Possible date and change of the Belgrade – Pristina dialogue setup on normalisation of relations remain uncertain despite hopes it may continue this month.
Serbia’s officials blame Pristina for the halt in the dialogue under the European Union auspices, saying the announcement of the Kosovo Army formation even without the consent of the Serb MPs further complicated the issue.
Kosovo’s Prime Minister Ramush Haradinaj said on Monday that the Kosovo Security Forces would be transformed into a military without the votes of the Serb List in the parliament, the leading political organisation of the Kosovo Serbs, supported by Belgrade.
Haradinaj added that the institutions of Kosovo would be forced to transform the Security Forces into the Armed Forces of Kosovo through law instead of through the changes to the Constitution because of the Serb List’s refusal to vote for it.
Marko Djuric, the head of Serbia's Government Office for Kosovo, called the move “the jingling with arms.”
The move came after Pristina has recently refused to take part in a technical dialogue because it wanted an energy agreement and joint border control to top the agenda while Belgrade insisted on the Community of Serb Municipalities (CSM) deal which has been pending for three years.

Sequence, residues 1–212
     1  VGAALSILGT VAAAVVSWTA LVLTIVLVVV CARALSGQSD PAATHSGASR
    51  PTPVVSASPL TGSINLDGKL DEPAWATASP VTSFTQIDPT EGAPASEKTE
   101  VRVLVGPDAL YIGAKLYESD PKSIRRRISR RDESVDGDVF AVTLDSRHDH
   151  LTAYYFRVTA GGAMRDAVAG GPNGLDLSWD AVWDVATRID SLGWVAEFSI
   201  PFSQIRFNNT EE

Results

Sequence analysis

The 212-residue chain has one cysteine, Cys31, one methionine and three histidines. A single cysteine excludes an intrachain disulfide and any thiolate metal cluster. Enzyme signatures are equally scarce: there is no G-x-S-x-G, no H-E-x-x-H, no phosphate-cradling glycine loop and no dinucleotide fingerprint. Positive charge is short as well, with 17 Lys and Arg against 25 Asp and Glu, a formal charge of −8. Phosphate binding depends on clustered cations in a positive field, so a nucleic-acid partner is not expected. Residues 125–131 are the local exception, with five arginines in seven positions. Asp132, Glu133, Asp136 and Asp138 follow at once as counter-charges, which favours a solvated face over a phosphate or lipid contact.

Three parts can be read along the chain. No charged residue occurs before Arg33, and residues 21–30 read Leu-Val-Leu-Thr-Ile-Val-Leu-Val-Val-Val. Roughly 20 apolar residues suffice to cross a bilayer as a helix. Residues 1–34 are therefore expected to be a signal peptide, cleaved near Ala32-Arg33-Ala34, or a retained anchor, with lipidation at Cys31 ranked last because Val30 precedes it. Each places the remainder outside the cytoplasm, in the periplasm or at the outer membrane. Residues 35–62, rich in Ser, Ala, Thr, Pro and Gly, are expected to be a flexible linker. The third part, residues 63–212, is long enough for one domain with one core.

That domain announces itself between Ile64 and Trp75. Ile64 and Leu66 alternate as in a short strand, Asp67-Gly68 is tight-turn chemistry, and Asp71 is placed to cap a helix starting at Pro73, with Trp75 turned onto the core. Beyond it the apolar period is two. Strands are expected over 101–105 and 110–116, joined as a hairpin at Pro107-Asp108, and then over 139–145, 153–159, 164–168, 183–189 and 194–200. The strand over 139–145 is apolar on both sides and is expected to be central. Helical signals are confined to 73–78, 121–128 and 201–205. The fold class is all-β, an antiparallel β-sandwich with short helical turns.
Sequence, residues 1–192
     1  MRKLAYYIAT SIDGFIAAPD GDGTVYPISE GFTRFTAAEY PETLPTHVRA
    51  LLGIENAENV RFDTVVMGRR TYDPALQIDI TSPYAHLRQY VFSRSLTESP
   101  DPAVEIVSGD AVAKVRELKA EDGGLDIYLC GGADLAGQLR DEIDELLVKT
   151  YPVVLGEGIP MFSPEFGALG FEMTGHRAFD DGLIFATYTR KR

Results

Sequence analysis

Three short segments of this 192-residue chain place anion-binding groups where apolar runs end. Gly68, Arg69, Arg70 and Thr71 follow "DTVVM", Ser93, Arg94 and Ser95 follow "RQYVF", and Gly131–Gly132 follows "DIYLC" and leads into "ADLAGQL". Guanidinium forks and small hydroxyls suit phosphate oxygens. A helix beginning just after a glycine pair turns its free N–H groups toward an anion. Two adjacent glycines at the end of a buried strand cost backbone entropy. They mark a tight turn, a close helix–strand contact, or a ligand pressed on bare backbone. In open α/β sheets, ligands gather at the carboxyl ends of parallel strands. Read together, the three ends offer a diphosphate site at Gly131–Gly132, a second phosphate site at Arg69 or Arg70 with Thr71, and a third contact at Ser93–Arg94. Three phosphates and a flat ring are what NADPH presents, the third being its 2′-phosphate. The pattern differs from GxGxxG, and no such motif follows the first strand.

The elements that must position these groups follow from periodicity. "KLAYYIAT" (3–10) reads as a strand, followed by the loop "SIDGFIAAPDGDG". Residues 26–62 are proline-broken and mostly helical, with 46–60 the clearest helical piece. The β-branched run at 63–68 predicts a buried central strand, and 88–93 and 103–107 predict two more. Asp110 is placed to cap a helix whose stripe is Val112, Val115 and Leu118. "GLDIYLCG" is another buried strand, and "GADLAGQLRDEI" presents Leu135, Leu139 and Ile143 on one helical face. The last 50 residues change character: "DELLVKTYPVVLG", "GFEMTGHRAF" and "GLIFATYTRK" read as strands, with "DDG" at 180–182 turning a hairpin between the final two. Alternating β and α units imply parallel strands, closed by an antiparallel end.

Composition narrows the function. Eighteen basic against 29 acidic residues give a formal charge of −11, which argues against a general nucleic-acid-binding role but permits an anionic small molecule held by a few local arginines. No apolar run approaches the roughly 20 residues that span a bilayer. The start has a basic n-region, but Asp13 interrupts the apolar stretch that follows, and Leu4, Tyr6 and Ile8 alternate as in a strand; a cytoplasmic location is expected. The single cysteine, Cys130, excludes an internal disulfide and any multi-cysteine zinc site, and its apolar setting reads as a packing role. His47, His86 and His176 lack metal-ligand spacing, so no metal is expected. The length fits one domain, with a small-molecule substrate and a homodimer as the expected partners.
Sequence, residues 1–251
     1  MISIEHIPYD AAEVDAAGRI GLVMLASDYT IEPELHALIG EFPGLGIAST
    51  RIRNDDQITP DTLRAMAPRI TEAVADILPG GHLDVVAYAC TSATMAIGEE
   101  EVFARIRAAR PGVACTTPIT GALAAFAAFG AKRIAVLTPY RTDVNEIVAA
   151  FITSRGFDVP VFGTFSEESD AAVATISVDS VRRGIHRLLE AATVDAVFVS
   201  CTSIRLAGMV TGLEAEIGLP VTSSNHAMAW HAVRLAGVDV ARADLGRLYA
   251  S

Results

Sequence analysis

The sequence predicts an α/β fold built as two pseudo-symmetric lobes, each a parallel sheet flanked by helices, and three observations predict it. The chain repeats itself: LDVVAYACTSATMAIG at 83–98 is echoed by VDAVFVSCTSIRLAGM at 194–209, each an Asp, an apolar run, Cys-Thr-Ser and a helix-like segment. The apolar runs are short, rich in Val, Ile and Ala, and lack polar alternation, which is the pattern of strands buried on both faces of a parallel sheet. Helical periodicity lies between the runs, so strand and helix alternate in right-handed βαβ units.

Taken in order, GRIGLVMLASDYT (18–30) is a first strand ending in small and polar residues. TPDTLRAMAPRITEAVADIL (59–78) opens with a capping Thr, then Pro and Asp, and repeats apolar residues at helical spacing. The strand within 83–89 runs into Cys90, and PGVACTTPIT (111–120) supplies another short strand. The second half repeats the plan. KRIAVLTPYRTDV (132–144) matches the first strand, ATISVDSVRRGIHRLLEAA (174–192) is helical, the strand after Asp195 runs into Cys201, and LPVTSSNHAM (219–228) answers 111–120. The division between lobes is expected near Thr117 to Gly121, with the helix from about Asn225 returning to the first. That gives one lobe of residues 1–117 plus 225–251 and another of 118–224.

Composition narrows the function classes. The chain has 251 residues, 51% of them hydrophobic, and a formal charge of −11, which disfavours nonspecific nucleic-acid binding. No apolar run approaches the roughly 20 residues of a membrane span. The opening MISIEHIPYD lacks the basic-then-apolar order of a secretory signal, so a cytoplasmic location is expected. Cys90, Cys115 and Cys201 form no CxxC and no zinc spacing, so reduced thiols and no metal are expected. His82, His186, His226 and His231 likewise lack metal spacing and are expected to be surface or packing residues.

Belgrade has also said that it supported the EU mediation, but that any solution would be difficult to reach without the participation of the US and Russia.
“Everything is uncertain and unpredictable because of the Pristina stand,” Milovan Drecun, a ruling Serbian Progressive Party (SNS) MP to Serbia’s Parliament and the head of the Assembly's Commission for Kosovo said on Monday.
He also believes that the US and Russia are necessary participants in a final stage of the dialogue.
For Djuric, however, it is not that significant who takes part
“The setup and those who take part are less important than the essence of the dialogue. It can only succeed if there is a compromise, but right now I don’t see Pristina's readiness.” Djuric said.
He added that the continuation of the dialogue “does not depend on whether someone will call a meeting but whether those who come to the meeting come ready or not.”
“So far, the Albanians haven’t come to the meetings ready to change something,” Djuric said.